Depressive-masochists see clearly the tragic existential realities of life. Their way of being in the world bears this sensibility forward, witnesses to it, and
invites others into their sense of the ethos required to survive in the face of it. Our concern about the way this gets articulated, however, is usually that this sensibility is set within a particular emotional, ethical, and aesthetic framework which establishes a self- and other-punishing cycle which impoverishes their life and the lives of those with whom they are in relation.
But, then, of course, we are always confronted with the possibility that this is in fact simply the way the world is. Perhaps the depressive-masochist sees something of which we all ought to be convinced: that, in the final analysis, the depths of life really are punishing and unforgiving, that the particular kinds of interpersonal ethics that mark the depressive-masochist’s life really are the best accommodation to a world so characterized, and that the emotional dynamics, while harsh, are nonetheless appropriate and, perhaps even, unavoidable for such a world.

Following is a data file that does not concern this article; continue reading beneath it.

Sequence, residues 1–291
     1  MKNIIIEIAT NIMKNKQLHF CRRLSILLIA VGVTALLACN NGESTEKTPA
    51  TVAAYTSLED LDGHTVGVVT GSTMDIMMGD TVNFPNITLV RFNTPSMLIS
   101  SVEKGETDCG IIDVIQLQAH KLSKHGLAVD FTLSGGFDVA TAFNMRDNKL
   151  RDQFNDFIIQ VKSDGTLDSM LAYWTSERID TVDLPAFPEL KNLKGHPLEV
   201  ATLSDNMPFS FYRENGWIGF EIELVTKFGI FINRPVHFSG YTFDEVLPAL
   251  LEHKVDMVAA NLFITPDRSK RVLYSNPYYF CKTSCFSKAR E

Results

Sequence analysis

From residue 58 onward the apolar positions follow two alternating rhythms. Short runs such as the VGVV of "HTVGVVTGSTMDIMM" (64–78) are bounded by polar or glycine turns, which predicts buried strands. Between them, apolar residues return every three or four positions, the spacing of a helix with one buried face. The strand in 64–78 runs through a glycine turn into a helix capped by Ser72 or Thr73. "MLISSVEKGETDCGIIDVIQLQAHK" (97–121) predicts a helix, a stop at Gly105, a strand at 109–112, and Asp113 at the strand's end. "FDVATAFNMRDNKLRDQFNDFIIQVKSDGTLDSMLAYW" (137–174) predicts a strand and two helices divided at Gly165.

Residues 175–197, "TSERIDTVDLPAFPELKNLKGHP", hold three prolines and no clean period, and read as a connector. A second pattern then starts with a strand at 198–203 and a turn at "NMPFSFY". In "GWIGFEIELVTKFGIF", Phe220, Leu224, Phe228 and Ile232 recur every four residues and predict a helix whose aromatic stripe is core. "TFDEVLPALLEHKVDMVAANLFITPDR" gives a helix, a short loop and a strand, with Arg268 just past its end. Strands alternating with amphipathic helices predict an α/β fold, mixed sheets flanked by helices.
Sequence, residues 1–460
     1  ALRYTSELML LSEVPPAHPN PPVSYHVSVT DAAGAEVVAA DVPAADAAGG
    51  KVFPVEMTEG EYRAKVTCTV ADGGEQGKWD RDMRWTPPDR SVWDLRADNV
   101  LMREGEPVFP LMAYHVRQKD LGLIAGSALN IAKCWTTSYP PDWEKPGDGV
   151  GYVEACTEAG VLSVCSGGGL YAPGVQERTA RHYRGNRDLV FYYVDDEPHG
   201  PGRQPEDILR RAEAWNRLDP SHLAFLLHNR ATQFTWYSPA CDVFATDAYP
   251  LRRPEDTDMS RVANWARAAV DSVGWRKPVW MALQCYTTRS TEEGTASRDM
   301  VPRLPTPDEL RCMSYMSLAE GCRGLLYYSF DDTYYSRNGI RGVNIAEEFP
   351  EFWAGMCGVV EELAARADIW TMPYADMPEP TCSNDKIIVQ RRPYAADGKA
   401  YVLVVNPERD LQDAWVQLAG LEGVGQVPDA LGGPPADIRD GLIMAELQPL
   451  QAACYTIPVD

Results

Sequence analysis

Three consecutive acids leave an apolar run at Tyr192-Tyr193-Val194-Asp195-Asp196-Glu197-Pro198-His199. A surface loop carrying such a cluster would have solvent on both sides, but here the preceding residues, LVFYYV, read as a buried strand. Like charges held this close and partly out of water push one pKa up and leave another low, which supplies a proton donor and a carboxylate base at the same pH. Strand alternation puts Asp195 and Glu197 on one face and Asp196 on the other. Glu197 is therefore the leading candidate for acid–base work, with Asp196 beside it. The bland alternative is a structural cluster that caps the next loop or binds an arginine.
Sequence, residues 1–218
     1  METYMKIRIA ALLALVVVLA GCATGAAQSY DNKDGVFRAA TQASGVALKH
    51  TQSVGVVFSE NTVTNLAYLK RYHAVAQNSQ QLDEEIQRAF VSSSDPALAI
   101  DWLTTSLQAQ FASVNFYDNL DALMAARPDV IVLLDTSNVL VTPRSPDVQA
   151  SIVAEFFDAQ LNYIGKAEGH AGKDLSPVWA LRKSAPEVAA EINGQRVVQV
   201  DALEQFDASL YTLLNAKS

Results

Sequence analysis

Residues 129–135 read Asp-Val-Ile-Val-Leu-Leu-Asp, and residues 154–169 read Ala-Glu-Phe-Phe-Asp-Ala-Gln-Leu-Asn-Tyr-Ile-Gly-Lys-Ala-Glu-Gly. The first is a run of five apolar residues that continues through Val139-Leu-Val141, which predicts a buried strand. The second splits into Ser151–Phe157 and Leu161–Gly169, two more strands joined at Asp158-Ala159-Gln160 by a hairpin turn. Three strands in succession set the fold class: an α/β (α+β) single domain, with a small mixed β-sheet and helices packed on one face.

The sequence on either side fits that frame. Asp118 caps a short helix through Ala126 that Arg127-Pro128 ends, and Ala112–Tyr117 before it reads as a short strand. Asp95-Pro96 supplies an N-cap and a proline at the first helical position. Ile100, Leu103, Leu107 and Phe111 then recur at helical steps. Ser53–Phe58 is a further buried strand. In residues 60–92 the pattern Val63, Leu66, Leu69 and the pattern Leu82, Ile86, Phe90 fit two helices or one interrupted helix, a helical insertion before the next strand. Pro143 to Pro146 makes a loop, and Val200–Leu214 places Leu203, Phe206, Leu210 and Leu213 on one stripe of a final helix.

In other words, the witness borne through our parishioners and clients to us calls up from us, and calls into question for us, the witness of our own communities, the witness borne through us to them. As pastoral caregivers, our offering care at all to depressive-masochists, care that is something more than attempting to assuage their discontent in the face of a self-other-Other relation they correctly